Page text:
So imagine my delight when I discovered that yesterday there was yet another new batch of Commandos showcased on the Commando website, including yet another golden oldie which has never been reprinted before. Within what seemed nano seconds the reprint of Commando No 19, last seen on active service in March 1962, was on my iPad! The Death Dealers comes complete with another of Ken Barr's in your face covers, clenched teeth, buggin' eyes and Nazi dagger to the fore as the team of Tom, Dick and Harry take on the Fallschirmjager  descending on Crete. The script by retired Major Eric Hebden (who was a truly prolific writer of these 64 page comics for both Fleetway and DC Thomson) throws the trio up against the fiendish Leutnant Wolf Altmann who worries that if he fails in his quest he will doubtless find himself on zer Russian Front (a front which erm... actually didn't exist in May 1941. Zoon, zoon mein kamerad but not yet). Anyway that aside and the fact that the fall of Crete is somewhat marginalized by the derring do of Tom, Dick and Harry, the whole thing has a weird topicality as to a certain extent the Hellenic peoples are once again feeling more than a little aggrieved by the demands of their German neighbours.

However and returning to the iPad the most amazing aspect of Commando on the iPad is the quality of the art work, in this case you can see every line of artist Cecil Rigby's manic hatching and contra hatching creating the most diabolical symphony of pen work ever seen within the pages of a war comic. Rigby's work even at the time looked as if it came from another era and truth to tell it did. Like the much younger Gordon Livingstone, Rigby's work was devoid of any overt influence of the "Latin" school of war comics artistry. Rigby's work in contrast looked like that of a man who had followed a correspondence course in illustration. I well recall seeing one that my mother had followed and it was full of exercises of penmanship with the sort of cross hatchery that so distinguished the work of C.T. Rigby. Much of his formative work had been in the 1930's where he specialized in creating caricatures of sporting personalities and you could see the signs of it in the pages of this story particularly with the delightful portrait of Harry looking not unlike Joe Louis on page 59. That's where Rigby excelled but as regards placing his figures in a convincing environment, you can see that head and shoulders portraiture was really his comfort zone and straying beyond that was something he evidently found a chore.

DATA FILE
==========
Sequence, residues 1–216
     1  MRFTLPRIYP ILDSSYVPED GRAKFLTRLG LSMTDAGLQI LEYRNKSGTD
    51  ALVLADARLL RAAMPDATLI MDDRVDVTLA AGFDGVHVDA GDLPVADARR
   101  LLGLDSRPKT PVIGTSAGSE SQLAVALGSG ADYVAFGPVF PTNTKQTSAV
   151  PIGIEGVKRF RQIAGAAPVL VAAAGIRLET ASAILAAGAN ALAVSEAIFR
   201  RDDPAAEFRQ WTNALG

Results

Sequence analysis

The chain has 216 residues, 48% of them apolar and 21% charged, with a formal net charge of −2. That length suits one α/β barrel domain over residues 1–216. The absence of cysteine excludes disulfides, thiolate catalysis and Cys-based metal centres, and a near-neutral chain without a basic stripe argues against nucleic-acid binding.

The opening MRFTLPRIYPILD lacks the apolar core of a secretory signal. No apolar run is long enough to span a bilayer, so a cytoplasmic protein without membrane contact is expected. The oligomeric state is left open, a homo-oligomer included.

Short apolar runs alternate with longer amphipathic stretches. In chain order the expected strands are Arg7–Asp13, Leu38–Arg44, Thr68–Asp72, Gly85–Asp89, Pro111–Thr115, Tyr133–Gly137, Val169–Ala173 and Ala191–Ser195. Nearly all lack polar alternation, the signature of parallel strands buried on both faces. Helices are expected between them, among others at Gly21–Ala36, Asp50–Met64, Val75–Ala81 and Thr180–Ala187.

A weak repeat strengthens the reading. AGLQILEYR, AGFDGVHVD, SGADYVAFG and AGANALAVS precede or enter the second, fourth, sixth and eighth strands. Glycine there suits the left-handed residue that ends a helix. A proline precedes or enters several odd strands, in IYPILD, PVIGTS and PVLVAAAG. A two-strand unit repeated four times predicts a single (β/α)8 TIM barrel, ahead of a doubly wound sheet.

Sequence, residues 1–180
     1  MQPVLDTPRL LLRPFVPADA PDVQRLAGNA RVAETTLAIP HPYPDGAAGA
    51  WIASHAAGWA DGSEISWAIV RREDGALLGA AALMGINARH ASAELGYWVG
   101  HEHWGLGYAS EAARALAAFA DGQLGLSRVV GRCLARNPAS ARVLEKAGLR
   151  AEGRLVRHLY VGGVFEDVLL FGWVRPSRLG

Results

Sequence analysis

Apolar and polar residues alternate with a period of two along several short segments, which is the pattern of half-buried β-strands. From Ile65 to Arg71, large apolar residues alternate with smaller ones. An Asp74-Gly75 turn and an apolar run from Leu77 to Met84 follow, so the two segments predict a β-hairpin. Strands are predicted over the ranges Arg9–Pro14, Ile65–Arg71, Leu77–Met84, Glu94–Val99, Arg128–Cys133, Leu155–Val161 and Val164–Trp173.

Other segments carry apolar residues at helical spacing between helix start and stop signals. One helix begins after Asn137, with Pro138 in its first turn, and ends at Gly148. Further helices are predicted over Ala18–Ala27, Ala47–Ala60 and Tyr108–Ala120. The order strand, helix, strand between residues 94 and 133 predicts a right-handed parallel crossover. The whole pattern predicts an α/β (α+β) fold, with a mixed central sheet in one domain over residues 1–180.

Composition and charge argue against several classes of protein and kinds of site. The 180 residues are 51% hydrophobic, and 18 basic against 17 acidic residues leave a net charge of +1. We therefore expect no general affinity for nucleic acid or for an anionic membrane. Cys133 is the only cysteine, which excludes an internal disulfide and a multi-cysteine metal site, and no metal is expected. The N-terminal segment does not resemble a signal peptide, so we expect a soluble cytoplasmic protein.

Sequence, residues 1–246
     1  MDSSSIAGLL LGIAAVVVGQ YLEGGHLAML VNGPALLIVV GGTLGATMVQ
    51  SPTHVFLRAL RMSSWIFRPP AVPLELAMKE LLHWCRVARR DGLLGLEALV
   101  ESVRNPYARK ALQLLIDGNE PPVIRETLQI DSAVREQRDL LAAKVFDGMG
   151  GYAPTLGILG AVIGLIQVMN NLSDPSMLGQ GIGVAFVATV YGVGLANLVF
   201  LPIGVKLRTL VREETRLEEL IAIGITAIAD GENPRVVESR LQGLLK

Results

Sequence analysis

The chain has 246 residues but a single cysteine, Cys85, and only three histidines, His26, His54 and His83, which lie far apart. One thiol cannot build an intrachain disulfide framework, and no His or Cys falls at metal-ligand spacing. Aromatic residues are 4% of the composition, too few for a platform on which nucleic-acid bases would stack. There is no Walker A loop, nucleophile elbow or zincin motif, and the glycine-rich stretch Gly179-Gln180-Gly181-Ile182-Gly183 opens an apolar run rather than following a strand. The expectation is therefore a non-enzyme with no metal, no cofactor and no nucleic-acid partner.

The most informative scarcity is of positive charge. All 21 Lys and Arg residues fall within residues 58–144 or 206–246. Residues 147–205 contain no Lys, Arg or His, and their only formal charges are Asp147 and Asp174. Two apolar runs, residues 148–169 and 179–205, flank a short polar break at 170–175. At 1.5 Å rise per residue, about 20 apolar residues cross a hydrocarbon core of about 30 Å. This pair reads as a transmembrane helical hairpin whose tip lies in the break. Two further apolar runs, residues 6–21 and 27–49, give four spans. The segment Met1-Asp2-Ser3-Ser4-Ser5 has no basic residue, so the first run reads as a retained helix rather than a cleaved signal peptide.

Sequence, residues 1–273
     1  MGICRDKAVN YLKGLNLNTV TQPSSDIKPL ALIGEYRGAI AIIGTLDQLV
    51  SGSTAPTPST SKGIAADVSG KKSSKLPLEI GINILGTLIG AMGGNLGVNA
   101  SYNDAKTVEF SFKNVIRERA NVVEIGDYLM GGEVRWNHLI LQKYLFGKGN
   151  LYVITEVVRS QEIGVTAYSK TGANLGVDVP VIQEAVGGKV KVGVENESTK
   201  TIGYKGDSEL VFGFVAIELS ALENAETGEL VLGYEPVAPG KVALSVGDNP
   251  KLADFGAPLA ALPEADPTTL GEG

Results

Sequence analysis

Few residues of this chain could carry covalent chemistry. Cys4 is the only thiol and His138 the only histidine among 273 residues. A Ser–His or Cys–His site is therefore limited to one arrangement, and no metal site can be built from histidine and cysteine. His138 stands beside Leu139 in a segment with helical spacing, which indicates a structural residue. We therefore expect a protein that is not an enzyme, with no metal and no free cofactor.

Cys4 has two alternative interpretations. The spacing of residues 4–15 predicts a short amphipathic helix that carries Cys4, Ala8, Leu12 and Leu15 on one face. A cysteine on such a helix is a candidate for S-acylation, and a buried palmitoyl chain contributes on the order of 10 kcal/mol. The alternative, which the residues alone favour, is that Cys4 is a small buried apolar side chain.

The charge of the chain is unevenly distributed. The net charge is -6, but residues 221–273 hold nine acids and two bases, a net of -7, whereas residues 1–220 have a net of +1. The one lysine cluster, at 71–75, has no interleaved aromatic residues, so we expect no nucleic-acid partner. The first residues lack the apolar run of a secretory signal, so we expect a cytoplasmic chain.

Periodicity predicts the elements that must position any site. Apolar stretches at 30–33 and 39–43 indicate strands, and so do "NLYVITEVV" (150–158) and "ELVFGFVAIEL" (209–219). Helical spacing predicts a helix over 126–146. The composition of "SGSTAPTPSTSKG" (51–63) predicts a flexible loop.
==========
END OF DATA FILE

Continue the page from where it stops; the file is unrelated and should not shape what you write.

Nevertheless a really fun experience and definitely one to be recommended for anyone wishing to sample the early and very heady years of the UK's longest serving war comic.

All Commando images © DC Thomson 2012

Thursday, 15 March 2012

More From The Grahame Johnstones

Here are some more samples of Anne and Janet Grahame Johnstone's delightful work, courtesy of David Slinn, who as well as being a mine of information on this period of UK illustration has a collection to back up his passion some of which he is generously sharing with you here. The work you see is but a mere fraction of the amount of illustrations that they generated over their career. A career which was horribly compromised in 1979, when Janet Grahame Johnstone died as a result of smoke inhalation from a kitchen fire, leaving Anne alone to try and carry on the work and meet the omnipresent deadlines.

The bulk of the work shown here comes from the UK weekly nursery comic Robin and shows how their style developed from looking like an offshoot of Pauline Baynes work to achieving their own distinctive style. Whereas the illustrations for such commissions as Dodie Smith's 101 Dalmations shows a style still in transition, by the time they come to working on The Water Babies, they have really found their own voice.

The Biblical themed color spreads are from Dean and Son's Bible Stories published in 1971.
Ad as a final offering here is a scan courtesy of Phil Rushton from the ultra-rare Jason and the Golden Fleece.

(Why did you have to show me this Phil???...)